In Live more simply/ Purpose

Why, as a non-American, I am deeply invested in your upcoming elections

I have spent the last decade up close and personal with American culture.  I realize this does not make me an expert at all.  I am however about to make a very short observation of American culture and why, as a non-American, I am deeply invested in your upcoming election.

Americans, in general, work hard and work smart.   If work is to be had, it is celebrated.  Teenagers and college students find entry-level jobs and then work proudly and well. This work ethic seems to naturally continue into adulthood.  With the down turn in the economy, I have seen entire families knuckle down and work – some people holding down two or three part time jobs to make up for one lost in a family.

I know that there are homeless and hungry people in the United States and I know that there are multi-faceted reasons for this.   I have found Americans to be generous and willing to help.  In my last post I wrote about the CEO conference I attended.  In the room with me were representatives of amazing non-profit organizations that exist solely to help those that are suffering in some way.  Every one of these non-profits exists because of the generosity and care of hard working Americans.

When calamity strikes, as is happening with Hurricane Sandy, Americans respond.  Although the extend of the damage is not yet known, a church I was visiting yesterday is already planning how they can give to needy families in the badly hit areas, all of whom are thousands of miles away from this church community.  I celebrate the generosity of spirit within Americans.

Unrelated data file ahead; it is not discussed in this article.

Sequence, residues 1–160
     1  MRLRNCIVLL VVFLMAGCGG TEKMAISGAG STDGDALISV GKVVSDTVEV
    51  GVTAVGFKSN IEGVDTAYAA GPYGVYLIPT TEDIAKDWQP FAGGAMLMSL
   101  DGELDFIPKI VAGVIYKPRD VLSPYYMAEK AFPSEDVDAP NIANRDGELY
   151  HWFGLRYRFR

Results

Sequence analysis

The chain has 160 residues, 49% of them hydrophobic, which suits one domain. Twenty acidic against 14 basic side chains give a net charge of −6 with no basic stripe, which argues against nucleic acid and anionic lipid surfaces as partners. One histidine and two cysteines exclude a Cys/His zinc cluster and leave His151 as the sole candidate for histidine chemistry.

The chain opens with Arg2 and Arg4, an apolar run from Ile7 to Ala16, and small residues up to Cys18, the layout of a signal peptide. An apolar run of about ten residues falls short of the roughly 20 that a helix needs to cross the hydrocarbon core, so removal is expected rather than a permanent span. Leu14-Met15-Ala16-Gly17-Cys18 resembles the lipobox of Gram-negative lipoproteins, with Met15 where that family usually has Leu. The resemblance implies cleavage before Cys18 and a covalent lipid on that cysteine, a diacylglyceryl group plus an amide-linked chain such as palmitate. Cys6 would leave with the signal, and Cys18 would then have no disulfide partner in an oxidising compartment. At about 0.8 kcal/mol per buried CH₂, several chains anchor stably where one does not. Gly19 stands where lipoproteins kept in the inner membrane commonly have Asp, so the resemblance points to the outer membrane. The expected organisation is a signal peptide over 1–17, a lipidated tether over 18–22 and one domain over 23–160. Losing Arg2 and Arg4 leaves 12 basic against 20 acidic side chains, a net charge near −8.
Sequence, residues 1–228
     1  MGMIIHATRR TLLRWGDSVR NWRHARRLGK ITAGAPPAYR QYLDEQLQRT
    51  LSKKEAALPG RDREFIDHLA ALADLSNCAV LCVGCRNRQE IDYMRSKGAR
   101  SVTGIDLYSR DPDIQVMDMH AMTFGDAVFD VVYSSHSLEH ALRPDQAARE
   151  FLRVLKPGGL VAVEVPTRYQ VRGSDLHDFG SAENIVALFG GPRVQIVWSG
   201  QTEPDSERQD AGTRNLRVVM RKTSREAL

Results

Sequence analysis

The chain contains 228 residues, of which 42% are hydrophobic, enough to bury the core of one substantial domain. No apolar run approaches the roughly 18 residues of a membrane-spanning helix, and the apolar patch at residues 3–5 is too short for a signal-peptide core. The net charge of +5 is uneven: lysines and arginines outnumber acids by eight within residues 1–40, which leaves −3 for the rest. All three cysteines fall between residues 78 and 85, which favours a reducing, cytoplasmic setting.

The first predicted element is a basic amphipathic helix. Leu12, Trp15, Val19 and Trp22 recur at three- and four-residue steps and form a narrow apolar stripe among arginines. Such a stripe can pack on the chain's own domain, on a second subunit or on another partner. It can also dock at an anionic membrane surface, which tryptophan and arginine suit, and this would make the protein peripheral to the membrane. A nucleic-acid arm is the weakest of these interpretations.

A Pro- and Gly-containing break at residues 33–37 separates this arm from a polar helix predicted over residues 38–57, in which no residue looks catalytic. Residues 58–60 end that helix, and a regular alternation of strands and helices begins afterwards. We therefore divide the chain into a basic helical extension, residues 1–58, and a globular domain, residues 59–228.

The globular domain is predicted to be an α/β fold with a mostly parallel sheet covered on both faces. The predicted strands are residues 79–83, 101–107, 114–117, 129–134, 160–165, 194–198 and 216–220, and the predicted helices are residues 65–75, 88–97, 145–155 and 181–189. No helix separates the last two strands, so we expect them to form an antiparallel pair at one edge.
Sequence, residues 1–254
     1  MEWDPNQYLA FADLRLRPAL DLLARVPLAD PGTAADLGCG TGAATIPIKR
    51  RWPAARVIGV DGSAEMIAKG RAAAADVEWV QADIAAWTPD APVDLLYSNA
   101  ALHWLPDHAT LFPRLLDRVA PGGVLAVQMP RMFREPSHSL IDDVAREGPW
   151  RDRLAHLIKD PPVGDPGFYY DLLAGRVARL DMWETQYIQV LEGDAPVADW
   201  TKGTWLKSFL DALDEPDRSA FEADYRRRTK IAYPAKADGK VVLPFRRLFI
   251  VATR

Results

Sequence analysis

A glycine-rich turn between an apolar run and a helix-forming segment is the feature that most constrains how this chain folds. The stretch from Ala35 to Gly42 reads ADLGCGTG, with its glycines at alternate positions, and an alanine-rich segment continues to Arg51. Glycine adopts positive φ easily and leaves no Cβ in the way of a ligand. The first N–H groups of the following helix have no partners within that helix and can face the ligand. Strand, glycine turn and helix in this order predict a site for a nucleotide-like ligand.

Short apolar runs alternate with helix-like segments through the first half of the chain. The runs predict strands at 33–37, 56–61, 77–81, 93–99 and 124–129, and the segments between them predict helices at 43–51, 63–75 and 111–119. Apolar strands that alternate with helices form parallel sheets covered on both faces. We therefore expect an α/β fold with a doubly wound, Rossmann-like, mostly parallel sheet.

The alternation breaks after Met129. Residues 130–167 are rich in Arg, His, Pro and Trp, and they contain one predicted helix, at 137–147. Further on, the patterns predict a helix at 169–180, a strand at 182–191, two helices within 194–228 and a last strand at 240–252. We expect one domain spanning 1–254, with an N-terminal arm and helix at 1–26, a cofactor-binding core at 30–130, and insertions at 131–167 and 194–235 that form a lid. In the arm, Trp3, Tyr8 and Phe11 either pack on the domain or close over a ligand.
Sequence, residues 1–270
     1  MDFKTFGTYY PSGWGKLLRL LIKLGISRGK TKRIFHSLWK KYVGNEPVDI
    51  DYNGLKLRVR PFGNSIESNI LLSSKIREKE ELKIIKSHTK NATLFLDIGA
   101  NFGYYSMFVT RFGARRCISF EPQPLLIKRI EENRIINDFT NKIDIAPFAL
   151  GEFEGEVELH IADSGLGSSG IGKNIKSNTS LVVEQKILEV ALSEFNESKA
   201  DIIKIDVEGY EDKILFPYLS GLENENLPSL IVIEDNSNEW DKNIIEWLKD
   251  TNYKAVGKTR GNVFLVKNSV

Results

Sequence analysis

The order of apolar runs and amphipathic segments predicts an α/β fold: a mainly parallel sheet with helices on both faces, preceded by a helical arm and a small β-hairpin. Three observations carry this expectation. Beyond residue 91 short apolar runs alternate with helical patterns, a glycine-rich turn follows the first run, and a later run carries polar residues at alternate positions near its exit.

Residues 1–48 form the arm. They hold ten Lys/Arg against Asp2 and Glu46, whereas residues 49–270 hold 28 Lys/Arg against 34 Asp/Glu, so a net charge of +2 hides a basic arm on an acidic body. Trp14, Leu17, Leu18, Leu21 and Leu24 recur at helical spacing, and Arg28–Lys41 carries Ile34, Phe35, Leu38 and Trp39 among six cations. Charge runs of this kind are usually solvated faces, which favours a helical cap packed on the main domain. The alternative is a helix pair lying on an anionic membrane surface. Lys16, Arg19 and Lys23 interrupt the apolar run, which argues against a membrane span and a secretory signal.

My observations are that Americans have a strong work ethic, are smart, are generous and are caring.  But sometimes you don’t realize what you have.  Let me give you an example.

According to a Gallup survey, Americans report spending $151 on food per week on average.  I find these kinds of numbers very interesting because I spend a large portion of my day figuring out ways to feed vulnerable people in Africa who have less than $10 a week to spend on food for their family.  I am not at all quoting these figures to make you feel guilty about how much you spend on food.  Rather, I celebrate your ability to feed your family well and I think it extremely important that you keep doing this.

So, with utmost gravity, I repeat myself.  Sometimes, dear American friends, you don’t realize what you have and who you are.

Being a world superpower means exactly that – a huge amount of power.  What happens in the United States of America affects the entire world.  You have the power to determine what our world looks like.  You, as individuals, carry a heavy responsibility.  Your vote does not only determine what your country looks like.  Your vote determines what OUR world looks like.  Please do not take your responsibility lightly.  There are many millions of people all over the world who would love to have your privilege.  Please remember the amazing qualities you have as a people group, those very qualities that make you able to feed your families well and then vote with intentionality.

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